You pick up what you think a glass of water and take a sip, but it turns out to be Sprite. What’s the word for that sensation when you’re expecting one thing and taste something else? Also, slang from college campuses, like ratchet and dime piece. And the story of a writer who published her first novel at age 73, then went on to win a National Book Award. Plus, the origins of bluebloods, Melungeons, Calcutta bets, Vermont Cree-mees, and the phrase used to buck someone up, “can’t died in a cornfield.”

This episode first aired October 11, 2013.

Download the MP3.

 Slang Ratchet
Is it a good thing to be ratchet? This slang term can refer to a bumpin’ party or a girl who’s a hot mess.

 Cephalus Offendo
There’s nothing like a refreshing gulp of water, unless what you thought was water turns out to be vodka or Sprite. When the expectation of what you’ll taste gives way to surprise, shock, and offense, you’ve experienced what one listener calls cephalus offendo. You might also call it anticipointment.

 I See You
The phrase I see you, meaning “I acknowledge what you’re doing,” comes from performance, and pops up often in African-American performance rhetoric.

 Golfing Calcutta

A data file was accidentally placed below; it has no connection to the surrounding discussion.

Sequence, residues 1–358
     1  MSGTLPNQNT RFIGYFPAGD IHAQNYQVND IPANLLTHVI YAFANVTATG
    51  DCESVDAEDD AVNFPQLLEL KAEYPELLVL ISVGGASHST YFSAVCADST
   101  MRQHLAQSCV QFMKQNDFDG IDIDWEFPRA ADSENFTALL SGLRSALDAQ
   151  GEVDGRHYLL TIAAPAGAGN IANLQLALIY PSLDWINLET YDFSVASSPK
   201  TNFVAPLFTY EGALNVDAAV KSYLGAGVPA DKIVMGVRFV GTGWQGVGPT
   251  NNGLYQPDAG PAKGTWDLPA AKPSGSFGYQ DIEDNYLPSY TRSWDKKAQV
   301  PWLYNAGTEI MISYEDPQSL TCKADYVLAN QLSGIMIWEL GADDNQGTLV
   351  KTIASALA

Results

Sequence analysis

A listener from Charlottesville, Virginia, is dating a professional golfer who often plays a Calcutta with other tour members. Calcutta, a betting game going back over 200 years, involves every player betting before the tournament on who they think will finish with the lowest score. It was first picked up by the British in and around—you guessed it—Kolkata, also known as Calcutta.

When a term paper is due in 24 hours, there’s no better tactic than to break open the Milano cookies and procrastineat.

 M-A-M-A and P-A-P-A Puzzle
Our Quiz Guy John Chaneski has a game for the Mamas and the Papas, with two-word phrases beginning with the letters M-A- M-A- or P-A- P-A-.

 Can’t Died in a Cornfield
If you say you can’t accomplish a task, someone might remind you “Mr. Can’t died in a cornfield.” This old saying is particularly evocative if you’ve ever been stuck in a cornfield, because it’s easy to think you won’t make it out. Another version of this phrase is “can’t died in the poorhouse.”

Blueblood, a term often used to refer to WASPy or patrician folks, goes back to the 1700s and the Spanish term sangre azul. It described the class of people who never had to work outside or expose themselves to the sun, so blue veins would show through their ivory, marble-like skin.

 You’re a Dime